Even a relatively simple divorce can become contentious depending upon the type of evidence that is relevant to the case. As I'm sure that you could imagine, there is a wide range of information, physical evidence, and circumstantial evidence that may become relevant to your case. Your job is to minimize the opportunities for your spouse to discover this information about you and to inform your attorney of those instances that may be discovered by your spouse. It is not easy to disclose sensitive information like this to your attorney, but your lawyer should find out from you than from their opposing counsel.
Today we are going to discuss the types of information and evidence that may be used against you in your divorce. The old saying that "all is fair in love and war" is twice as true in a divorce. This type of case involves two people that used to be in love with one another and the divorce that turns that relationship into a type of conflict. The degree to which you can call your divorce a "war" depends upon the circumstances of your case and the willingness of you and your spouse to sling mud at each other when working together and compromise may cause the case to turn out better for both of you.
Questions about the material that we are going to share with you should be directed to the experienced family law attorneys with the Law Office of Bryan Fagan. Our team of lawyers has seen just about everything that a family attorney can encounter. You can use that experience to your advantage in whatever circumstances you are facing in a divorce. A free-of-charge consultation with our attorneys is available to you six days a week in person at one of our three Houston area locations, over the phone, and via video.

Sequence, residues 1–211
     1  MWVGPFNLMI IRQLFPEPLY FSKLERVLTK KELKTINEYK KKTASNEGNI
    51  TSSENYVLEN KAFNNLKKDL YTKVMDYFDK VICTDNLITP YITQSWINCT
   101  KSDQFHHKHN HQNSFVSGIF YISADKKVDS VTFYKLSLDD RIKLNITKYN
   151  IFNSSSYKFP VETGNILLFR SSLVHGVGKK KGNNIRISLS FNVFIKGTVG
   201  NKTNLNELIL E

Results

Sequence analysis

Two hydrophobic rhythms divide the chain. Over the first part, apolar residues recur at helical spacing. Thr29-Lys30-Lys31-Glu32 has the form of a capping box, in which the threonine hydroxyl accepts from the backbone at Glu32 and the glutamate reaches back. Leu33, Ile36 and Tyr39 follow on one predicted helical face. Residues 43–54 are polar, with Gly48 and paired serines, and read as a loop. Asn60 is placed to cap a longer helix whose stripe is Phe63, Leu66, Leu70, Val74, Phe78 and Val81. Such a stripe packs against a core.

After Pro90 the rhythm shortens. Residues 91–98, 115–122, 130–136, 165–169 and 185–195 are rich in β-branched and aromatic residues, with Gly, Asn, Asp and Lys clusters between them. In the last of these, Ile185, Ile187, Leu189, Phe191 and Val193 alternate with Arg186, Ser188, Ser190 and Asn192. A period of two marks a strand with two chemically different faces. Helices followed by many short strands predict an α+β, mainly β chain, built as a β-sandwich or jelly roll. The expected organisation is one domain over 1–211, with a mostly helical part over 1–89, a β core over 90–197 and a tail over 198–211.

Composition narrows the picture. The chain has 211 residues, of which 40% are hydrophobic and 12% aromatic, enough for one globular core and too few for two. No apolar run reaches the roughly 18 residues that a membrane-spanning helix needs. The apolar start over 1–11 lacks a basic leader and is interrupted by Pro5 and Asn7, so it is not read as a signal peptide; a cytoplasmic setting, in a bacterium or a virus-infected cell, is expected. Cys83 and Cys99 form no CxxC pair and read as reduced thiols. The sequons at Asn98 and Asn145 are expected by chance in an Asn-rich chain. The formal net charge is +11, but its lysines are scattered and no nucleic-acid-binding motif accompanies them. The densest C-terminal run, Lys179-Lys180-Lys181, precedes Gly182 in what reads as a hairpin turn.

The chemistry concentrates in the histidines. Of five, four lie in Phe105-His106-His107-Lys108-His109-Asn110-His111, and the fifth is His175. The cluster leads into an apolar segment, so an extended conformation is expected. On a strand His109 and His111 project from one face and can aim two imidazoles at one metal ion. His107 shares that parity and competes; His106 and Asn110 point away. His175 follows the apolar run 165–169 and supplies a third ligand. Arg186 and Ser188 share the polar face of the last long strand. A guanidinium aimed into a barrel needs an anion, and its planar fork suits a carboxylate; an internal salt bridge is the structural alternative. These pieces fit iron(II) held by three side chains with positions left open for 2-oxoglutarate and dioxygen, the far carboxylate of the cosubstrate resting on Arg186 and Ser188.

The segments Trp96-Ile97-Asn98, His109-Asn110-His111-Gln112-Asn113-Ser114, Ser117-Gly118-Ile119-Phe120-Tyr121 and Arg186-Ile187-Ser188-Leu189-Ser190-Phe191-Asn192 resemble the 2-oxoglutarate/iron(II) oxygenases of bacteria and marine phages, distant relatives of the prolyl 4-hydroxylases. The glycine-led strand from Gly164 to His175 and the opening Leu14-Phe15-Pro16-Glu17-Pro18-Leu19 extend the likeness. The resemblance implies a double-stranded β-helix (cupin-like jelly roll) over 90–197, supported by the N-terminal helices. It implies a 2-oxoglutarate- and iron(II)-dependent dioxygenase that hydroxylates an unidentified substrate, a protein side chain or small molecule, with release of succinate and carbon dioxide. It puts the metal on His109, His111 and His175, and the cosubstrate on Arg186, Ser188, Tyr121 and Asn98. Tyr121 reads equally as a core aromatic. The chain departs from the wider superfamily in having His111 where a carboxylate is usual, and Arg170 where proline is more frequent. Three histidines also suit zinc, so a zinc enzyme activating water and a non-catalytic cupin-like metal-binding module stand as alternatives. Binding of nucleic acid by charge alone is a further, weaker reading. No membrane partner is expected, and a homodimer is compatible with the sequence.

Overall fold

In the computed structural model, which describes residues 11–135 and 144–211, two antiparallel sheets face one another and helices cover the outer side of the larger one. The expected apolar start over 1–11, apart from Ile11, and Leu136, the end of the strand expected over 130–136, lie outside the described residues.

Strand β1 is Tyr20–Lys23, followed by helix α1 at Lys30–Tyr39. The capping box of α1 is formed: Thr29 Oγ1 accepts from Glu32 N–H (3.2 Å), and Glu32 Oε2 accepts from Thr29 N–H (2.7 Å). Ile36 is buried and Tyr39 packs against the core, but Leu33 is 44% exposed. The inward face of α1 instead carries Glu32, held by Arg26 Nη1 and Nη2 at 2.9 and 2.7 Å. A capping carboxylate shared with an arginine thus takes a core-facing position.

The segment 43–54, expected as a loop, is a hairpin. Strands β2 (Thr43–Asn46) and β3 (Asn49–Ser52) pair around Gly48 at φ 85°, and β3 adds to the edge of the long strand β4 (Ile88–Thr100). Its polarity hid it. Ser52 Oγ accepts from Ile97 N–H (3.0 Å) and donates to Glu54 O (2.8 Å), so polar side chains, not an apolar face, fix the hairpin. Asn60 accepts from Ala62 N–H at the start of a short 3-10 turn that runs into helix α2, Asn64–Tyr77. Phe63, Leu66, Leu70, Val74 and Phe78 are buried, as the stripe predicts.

What are your habits with money?
Money and personal finances are a big issue in many if not most divorces that we encounter at the Law Office of Bryan Fagan. The trouble with personal finances is that they don't have to be difficult but often are. We see this, especially in situations where people are unable to control their spending and lifestyle choices. Personal finances are 80% behavioral choices and only 20% about knowledge and application of knowledge. If you can control the person that you look at in the mirror when you're brushing your teeth you can control your finances. However, any one of us will tell you that self-control is difficult. We see that in our children but can just as easily see that in ourselves.
When you spend money unwisely in your marriage there is almost always a paper trail that can lead from the source of your expenditure to your pocketbook. There is no fooling anyone anymore when it comes to spending money. Credit cards, loans, gambling, and addictions of various sorts- are all traceable. Financial irresponsibility can be an important factor in a divorce. If you have a history of improperly using martial funds in any way, then this is something that can be used against you in your divorce.